MDG Summit Zeroes in on Ending New HIV Infections in Children
New York City
September 22, 2010
Eliminating pediatric AIDS has been front and center at several meetings this week in New York as part of the UN summit on the Millennium Development Goals (MDGs)
, with the Foundation taking an active role in this critical discussion.
talked about the importance of programs to prevent mother-to-child transmission of HIV (PMTCT), and how they are linked to reducing child mortality (MDG 4), improving maternal health (MDG 5), and combating HIV/AIDS (MDG 6).
Dr. RJ Simonds speaks during a panel session on lessons
learned from the global response to HIV/AIDS.
Photo: Global Health Council
On Sunday, Dr. RJ Simonds, Foundation Vice President of Program Innovation and Policy, took part in a panel discussion to review lessons learned in the HIV/AIDS response
, and how they contribute to achieving the health-related MDGs. Dr. Simonds drew upon his decades of experience at the U.S. Centers for Disease Control (CDC)
and the U.S. President’s Emergency Plan for AIDS Relief (PEPFAR)
to show how PMTCT programs have helped strengthen national health systems and reduce maternal and infant mortality. The training of health workers and lay counselors for PMTCT was cited as one example that has improved the health of women and children over the past 10 years (see video of discussion at end of post).
On Tuesday, several sessions were convened by UNICEF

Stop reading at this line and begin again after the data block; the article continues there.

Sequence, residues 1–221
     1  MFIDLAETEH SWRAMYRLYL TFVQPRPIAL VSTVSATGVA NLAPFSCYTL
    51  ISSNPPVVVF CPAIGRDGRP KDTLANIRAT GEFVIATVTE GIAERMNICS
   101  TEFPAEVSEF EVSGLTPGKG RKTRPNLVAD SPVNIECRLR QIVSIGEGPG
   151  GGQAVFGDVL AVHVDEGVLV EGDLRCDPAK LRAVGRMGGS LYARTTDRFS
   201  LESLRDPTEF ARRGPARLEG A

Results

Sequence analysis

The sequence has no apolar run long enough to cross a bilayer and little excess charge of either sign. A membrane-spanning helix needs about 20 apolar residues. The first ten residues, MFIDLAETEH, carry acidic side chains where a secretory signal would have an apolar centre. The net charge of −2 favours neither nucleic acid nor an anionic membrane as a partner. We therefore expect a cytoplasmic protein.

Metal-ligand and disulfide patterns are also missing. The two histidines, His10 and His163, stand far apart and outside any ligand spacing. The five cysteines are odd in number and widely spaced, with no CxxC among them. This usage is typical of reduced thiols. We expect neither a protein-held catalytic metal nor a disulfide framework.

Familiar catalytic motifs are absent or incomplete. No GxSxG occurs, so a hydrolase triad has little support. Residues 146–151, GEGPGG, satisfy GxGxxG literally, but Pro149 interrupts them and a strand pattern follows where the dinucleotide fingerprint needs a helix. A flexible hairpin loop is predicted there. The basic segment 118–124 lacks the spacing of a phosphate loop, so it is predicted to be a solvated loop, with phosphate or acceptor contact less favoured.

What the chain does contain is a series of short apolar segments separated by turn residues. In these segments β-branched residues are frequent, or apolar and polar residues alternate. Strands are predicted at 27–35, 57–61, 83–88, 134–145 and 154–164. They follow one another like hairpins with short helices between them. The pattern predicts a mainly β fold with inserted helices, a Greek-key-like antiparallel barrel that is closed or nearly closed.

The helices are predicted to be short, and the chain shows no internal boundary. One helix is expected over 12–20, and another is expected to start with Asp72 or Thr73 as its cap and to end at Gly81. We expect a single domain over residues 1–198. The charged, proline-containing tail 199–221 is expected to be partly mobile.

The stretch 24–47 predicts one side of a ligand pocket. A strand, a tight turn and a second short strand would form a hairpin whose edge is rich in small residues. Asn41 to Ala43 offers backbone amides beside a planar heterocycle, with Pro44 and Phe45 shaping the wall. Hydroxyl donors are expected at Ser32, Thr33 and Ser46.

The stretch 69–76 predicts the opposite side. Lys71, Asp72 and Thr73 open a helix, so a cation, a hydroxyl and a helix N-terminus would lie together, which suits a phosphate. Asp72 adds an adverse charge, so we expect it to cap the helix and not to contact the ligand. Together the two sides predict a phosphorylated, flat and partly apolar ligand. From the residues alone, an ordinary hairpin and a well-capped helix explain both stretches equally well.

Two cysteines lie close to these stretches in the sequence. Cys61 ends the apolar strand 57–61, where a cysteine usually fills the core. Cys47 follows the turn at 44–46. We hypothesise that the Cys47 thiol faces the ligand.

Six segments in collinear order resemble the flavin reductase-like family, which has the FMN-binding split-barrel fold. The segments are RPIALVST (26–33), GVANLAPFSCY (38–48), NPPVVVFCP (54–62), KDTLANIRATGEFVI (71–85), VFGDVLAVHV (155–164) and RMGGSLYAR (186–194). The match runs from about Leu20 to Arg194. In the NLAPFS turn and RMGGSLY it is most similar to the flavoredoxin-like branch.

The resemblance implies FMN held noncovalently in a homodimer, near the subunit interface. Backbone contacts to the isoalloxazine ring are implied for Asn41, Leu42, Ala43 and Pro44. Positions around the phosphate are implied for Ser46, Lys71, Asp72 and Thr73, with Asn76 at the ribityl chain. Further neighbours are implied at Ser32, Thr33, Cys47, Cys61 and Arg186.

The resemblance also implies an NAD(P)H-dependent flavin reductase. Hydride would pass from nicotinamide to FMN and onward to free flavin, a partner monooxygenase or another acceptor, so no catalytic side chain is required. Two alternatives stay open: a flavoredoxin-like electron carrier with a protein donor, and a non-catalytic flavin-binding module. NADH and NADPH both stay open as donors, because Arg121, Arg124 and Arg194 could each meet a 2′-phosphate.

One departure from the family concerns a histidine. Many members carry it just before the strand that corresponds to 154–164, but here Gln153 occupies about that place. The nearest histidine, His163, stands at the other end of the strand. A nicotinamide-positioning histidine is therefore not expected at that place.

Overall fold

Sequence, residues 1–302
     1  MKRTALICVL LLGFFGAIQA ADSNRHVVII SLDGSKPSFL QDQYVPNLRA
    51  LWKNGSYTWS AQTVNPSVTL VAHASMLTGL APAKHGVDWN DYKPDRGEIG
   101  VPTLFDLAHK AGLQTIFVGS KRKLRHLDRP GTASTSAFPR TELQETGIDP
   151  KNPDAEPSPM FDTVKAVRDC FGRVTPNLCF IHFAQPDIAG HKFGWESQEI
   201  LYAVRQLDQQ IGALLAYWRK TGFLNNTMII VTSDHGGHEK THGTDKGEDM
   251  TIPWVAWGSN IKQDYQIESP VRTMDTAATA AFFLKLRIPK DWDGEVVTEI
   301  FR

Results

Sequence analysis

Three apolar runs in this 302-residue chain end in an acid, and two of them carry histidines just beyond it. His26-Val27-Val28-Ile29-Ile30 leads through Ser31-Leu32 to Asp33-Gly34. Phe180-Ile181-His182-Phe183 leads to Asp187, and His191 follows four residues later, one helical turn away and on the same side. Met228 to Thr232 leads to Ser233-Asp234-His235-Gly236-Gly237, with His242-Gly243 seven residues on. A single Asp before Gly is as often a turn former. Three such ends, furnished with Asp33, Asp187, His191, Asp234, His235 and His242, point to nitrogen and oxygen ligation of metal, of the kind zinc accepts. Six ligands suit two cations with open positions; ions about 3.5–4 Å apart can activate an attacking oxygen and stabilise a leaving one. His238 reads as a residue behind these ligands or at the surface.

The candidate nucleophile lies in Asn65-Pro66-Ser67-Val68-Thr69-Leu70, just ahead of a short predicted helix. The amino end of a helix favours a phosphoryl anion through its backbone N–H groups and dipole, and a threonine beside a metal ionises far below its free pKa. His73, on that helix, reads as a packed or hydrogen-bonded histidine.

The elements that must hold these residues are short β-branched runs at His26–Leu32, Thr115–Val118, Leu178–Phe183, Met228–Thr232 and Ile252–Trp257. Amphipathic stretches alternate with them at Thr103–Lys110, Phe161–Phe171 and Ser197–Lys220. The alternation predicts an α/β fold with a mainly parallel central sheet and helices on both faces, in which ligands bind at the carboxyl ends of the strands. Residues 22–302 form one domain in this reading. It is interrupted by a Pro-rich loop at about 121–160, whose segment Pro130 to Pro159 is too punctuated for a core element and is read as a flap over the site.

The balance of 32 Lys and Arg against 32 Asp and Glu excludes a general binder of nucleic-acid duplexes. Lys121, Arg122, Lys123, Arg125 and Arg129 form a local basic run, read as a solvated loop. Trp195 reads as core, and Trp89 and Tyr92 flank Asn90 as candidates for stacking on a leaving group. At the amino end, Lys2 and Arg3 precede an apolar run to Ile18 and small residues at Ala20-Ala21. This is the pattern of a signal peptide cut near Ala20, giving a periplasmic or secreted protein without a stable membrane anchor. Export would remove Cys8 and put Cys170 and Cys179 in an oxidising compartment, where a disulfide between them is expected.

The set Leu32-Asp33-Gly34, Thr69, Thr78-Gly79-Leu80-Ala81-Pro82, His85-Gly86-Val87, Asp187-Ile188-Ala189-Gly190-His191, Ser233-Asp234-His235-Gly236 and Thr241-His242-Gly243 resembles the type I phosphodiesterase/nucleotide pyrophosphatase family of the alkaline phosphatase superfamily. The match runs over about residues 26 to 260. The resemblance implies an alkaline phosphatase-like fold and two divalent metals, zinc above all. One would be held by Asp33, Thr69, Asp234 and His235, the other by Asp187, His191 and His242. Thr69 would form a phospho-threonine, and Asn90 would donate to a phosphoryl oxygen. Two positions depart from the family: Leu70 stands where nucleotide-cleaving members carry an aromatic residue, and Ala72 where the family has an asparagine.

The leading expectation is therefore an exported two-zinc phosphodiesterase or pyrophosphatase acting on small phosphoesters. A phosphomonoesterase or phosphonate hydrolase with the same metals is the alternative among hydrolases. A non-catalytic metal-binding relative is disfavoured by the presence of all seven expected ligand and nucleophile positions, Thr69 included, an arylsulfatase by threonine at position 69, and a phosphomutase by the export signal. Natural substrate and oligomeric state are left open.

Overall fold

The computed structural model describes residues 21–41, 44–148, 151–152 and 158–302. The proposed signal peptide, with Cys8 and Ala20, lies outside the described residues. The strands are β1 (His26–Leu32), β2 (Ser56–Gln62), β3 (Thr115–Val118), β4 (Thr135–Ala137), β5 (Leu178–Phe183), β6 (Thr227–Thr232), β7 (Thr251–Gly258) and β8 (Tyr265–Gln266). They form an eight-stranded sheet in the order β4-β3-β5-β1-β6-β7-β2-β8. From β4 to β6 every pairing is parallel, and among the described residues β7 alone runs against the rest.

, and others to discuss the virtual elimination of mother-to-child transmission of HIV. Dr. Ric Marlink, Foundation Senior Advisor for Medical and Scientific Affairs, participated in one such event, discussing the Foundation’s experience integrating PMTCT programs into broader health systems
He served on a panel that examined Bostwana’s experience taking an integrated approach to combating HIV, combining a range of health services in one facility and in one visit. This streamlining has shown a measurable effect: Botswana’s Vice President, Mompati S. Merafhe, pointed to a drop in new HIV infections and a reduction in infant deaths.
Dr. Ric Marlink is interviewed by Global Health TV following his
participation in a panel discussion during the MDG Summit.
Photo: Global Health Council
Botswana is also one of the few countries in sub-Saharan Africa where there is almost universal PMTCT coverage, pointing the way forward for other nations to end new infections in children.
Following the panel, Dr. Marlink was interviewed by Global Health TV
about his participation in the panel and the elimination of mother-to-child transmission of HIV.
At another event, UNICEF Executive Director Anthony Lake observed, “Even a few years ago, in a place like South Africa or Zambia or Ethiopia, an HIV diagnosis during pregnancy was more than likely a double death sentence for mother and baby. But that has begun to change.”
He and other panelists throughout the day agreed that while great progress has recently been made, there is still an urgent need to reach the more than half of women globally who don’t have access to PMTCT services.
“We need to focus our efforts on scaling up the practical, cost-effective, community-based interventions that are best designed to reach the women and children in greatest need,” Lake added.
Read more about the Foundation’s commitment to achieving the Millennium Development Goals
through the elimination of pediatric HIV and AIDS.
Part 03- Looking Back, Looking Ahead Panel from ITSy BITSy Media on Vimeo.
Robert Yule is the Foundation’s Media Manager in Washington, D.C., and is blogging this week from New York at the UN Summit on the Millennium Development Goals.